So, in using Frey’s definition of segregation, Jackson was correct in saying that Milwaukee ranked as the most segregated -- except the Frey rankings are not for all cities, but rather large metro areas.
What we’re testing, however, is not whether Jackson accurately quoted a study, but whether his statement is accurate -- that segregation is highest in Milwaukee.
So, let’s examine some other recent segregation rankings.
Another March 2011 study of 2010 census data, done by John Logan of Brown University and Brian Stults of Florida State University, also used a dissimilarity index. It found that the Milwaukee metro area tied for first with Detroit in black-white segregation.
Another Frey study using the dissimilarity index, done in December 2010 with 2005-2009 census data, put metro Milwaukee No. 1 in black-white segregation rankings.
So, in three studies from December 2010 through March 2011, Milwaukee ranked first in black-white segregation twice and tied for first once.
The dissimilarity index -- sometimes called the segregation index -- is also used by Harvard University’s DiversityData project, the Mumford Center at State University of New York-Albany and other universities.
It is the most common measure of racial segregation, said Frey, although he acknowledged it has its limitations and its critics.
Two critics, John Pawasarat and Lois Quinn, happen to be senior scientists at the University of Wisconsin-Milwaukee.
Pawasarat and Quinn first took aim at the dissimilarity index in a 2003 research paper, published shortly after the Milwaukee metro area was ranked the third most segregated in the United States. They acknowledged that researchers have repeatedly used the dissimilarity index since it was popularized by two University of Wisconsin-Madison researchers in 1965.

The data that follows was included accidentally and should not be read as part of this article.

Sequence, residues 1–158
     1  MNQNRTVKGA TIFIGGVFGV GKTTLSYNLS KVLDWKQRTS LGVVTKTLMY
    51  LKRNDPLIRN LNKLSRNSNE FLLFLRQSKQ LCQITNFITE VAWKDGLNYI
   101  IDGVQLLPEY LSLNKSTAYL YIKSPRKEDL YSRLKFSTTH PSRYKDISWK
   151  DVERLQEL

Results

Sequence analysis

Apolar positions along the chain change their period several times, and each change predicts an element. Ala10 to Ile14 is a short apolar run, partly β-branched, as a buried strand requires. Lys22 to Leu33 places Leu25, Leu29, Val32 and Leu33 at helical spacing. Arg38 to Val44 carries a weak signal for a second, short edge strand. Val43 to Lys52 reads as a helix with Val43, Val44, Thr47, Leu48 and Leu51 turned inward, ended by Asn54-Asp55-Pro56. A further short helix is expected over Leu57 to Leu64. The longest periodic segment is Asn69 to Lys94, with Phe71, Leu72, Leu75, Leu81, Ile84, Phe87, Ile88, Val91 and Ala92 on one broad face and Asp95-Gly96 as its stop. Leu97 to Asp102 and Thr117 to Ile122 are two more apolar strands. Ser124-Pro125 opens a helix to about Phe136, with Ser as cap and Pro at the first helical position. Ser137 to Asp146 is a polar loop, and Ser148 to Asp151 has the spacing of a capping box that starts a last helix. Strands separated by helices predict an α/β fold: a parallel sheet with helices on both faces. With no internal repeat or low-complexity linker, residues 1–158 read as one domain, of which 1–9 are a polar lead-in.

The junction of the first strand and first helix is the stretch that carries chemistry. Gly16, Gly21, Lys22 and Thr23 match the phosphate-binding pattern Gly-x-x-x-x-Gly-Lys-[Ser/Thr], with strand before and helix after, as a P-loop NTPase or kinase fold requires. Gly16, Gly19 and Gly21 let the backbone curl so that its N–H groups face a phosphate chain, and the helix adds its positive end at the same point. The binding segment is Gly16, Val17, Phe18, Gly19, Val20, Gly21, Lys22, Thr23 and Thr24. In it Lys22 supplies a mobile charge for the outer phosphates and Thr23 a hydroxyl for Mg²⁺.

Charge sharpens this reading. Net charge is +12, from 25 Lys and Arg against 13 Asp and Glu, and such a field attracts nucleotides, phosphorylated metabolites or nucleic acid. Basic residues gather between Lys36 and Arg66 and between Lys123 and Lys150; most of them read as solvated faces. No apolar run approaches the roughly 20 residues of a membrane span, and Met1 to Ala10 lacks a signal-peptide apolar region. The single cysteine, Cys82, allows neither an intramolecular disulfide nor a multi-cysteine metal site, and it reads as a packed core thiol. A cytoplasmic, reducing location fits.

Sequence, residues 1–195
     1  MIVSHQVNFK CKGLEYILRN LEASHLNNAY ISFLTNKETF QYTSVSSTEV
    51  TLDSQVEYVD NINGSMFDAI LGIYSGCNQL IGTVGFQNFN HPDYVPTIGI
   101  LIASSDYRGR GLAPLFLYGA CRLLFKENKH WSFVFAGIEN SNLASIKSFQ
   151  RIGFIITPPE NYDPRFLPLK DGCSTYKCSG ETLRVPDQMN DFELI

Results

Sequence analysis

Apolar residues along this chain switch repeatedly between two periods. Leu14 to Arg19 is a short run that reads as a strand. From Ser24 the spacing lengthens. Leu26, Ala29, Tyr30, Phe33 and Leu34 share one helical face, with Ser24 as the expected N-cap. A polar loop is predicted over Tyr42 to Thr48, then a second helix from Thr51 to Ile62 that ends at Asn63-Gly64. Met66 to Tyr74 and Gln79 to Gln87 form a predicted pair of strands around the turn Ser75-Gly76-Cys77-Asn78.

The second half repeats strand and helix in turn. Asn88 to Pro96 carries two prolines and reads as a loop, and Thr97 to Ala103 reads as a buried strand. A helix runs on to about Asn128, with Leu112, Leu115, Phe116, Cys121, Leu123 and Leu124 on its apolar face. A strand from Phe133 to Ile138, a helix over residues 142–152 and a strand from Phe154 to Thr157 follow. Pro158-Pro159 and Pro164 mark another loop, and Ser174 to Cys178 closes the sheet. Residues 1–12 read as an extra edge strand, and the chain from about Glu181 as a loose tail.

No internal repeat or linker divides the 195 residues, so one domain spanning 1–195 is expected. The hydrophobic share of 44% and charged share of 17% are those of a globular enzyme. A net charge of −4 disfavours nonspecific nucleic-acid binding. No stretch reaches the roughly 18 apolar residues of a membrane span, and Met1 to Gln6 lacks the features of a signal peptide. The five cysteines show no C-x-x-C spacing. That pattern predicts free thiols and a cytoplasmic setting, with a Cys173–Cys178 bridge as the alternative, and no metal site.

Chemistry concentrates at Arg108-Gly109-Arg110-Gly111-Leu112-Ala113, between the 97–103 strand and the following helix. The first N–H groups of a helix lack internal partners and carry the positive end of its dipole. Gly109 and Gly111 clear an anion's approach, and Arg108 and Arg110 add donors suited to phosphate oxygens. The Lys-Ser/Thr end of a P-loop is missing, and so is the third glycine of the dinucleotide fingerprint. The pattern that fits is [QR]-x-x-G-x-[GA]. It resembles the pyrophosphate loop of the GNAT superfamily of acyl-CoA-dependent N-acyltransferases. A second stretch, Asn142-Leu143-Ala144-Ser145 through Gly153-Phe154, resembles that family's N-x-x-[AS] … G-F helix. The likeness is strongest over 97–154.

The Pawasarat-Quinn paper argued that the index "seeks an even distribution of the black population in the metro area as the ideal condition." They wrote:
"For example, if the black population in a metro area makes up 10 percent of the combined black and white populations, the goal of the segregation index would be to have each census tract with a 90 percent white and 10 percent black population out of the combined black-white total. Under the one-way-movement approach, if a census tract has 1,000 black residents and 18 white residents, all but 2 of the black residents would be expected to move out of the tract so that the tract could be 90 percent white."
Pawasarat and Quinn proposed in their paper an alternative measure of segregation, analyzing city blocks rather than metro areas. They said Milwaukee ranked 43rd with that measure.
The pair reiterated their criticisms of the widely used dissimilarity index to PolitiFact Wisconsin. Pawasarat said that even though the index is "the Bible now," it would view an area as integrated if it is 80 percent white and 20 percent black, but as segregated if the percentages are in reverse. Quinn said that "far more interesting" are attempts, such as a 2008 study made by DePaul University in Chicago, to measure ethnic, income and age diversity by neighborhood.
Jackson’s claim, however, was strictly about white-black racial segregation.
Let’s sum up the evidence.
Jackson claimed Milwaukee is the nation’s most segregated city. He didn’t define what he meant by segregated, but he referred to a study that measured segregation among whites and blacks.
While some may disagree with the measure used in the study, the approach has been recognized as a standard for decades. By that measure Milwaukee ranked No. 1 in white-black segregation. Jackson’s claim was accurate, although it needed some clarification, particularly in that the segregation measure is for the metropolitan area, not just the city.
We rate it Mostly True.